How to Properly Clean Wheels: Lug Nuts, Faces and Barrels…Oh My!by Ian Martinez
Some of the wheels out today are nothing short of amazing.
The design, build quality, lack of weight while still being amazingly strong are just some of these features. So why do so many people not take care of wheels to the level they take care of their paint? Wheel cleaning, just like paint cleaning, needs to have the correct products, the correct tools and the correct technique.
With that said, let’s move onto what type of cleaner you should be using. I like to think of wheel cleaners as having 3 “tiers” based on how dirty the wheel is.
- Light- Car shampoo mixed with water in a spray bottle
- Medium- Regular wheel cleaners such as – Chemical Guys Diablo
- Heavy- Active iron removers such as – Sonax Wheel Cleaner Plus
Now that you know what cleaner you need to use we can talk about the proper tools for the job. Brushes are your best friend and help you get the job done faster and better. They will allow you to get into every crevice and all the way into the barrel.
Face/Caliper – Glue Brushes
Barrel – Wheel Woolies
Now let’s talk about the process.
First, fill a bucket with water and a bit of car shampoo and place your brushes and a grit guard inside. Second you are going to either rinse the wheel down, or spray your cleaner (Read the label for specific product directions). Then, begin to agitate the wheel with your brushes, constantly dipping them back into the bucket as they become soiled. Work from top to bottom just like you would with the vehicle. Rinse out all of your brushes after each wheel to make sure you have clean brushes every time. Once every part of the wheel, including the barrel, the caliper, etc. have been agitated, rinse the wheel extremely thoroughly as to make sure no cleaner is left to dry on the surface. Now that the wheels are clean you want to protect them just like you would your paint. This will help them clean easier next time and resist contamination.
The main takeaway from this article is that wheels need to be treated just as carefully as the paint is treated. Whether they are custom one off wheels or hubcaps, treat every wheel like it is special.
Thanks for this interesting article.
Better than a brush and elbow grease is a soapy high pressure washer on the outside as well as the inside of the wheel from under the car.
Dry to a shine with a variety of popular products.
Stubborn brake dust needs agitation that a pressure washer just cannot provide. If the product is able to spray on and off and get everything clean than it is a very harsh chemical that can damage delicate wheels.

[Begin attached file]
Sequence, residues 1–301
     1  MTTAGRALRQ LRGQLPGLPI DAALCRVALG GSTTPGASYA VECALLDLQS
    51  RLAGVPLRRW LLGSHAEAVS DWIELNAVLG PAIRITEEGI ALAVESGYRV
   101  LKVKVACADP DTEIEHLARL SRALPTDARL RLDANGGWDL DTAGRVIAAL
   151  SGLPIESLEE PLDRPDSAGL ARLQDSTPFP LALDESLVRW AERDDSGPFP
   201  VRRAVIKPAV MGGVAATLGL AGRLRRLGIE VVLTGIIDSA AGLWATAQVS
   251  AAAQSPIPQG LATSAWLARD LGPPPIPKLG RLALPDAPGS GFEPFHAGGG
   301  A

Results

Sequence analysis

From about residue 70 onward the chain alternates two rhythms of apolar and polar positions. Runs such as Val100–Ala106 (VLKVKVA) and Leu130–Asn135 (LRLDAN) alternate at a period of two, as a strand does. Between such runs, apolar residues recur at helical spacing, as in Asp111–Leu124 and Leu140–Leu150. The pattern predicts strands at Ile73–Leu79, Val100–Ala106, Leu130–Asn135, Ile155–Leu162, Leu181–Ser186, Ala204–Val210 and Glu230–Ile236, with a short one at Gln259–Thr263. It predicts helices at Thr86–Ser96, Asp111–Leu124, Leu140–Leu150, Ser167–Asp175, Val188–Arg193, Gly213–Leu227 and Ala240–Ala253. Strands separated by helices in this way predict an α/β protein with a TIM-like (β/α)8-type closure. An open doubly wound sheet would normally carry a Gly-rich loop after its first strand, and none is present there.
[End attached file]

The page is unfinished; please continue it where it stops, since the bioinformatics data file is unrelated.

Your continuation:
I do the hi pressure cleaning 2x a week on all my cars with just water.
Wipe down with Eagle’s dry and shine nano wax. End result a mirror without using harsh chem cleaners.
A lazy mans way to spectacular wheel care.
A little light on details.
What is the second spray?
In the video? It is an all purpose cleaner for the tires.
These tips are great if you are already starting on a fairly clean wheel, or one that has been even somewhat maintained. What do you do the first time you try to clean them when they have rarely if ever been cleaned, such as when purchasing a used car? The problem I can’t seem to find the solution to is getting rid of all the hundreds of extremely tiny specs of tar off the wheel. The only thing that has worked for me is tar remover or goo-gone, a micro towel, my fingers/hand and 2 to 3 hours of tedious scrubbing.
Have you tried a clay bar? If that doesn’t work unfortunately severely dirty wheels take severe measures to clean. Often multiple applications of cleaner and lots of elbow grease. That’s why maintenance is key!
As a “newbie”, does it matter if the tires or the rims are cleaned first?
After the “cleaning” step, do you go on to the polishing/protection steps?
OR. Do you go to the “cleaning” step for either the tires or rims whichever was done first?
Personally I clean the wheels first just so the cleaner you use on the tires doesn’t sit on the wheels while you clean them, but it does not really matter as long as you don’t let anything dry.
Yes you would go onto the polishing/protecting steps after the wheel and tires are clean and dry.